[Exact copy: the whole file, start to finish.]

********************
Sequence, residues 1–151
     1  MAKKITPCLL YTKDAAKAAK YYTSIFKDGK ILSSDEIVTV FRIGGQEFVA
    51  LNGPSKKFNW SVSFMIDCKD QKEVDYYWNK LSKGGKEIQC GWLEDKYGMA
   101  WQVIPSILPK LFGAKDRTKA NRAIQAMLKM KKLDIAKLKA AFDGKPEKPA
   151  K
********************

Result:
Sequence, residues 1–151
     1  MAKKITPCLL YTKDAAKAAK YYTSIFKDGK ILSSDEIVTV FRIGGQEFVA
    51  LNGPSKKFNW SVSFMIDCKD QKEVDYYWNK LSKGGKEIQC GWLEDKYGMA
   101  WQVIPSILPK LFGAKDRTKA NRAIQAMLKM KKLDIAKLKA AFDGKPEKPA
   151  K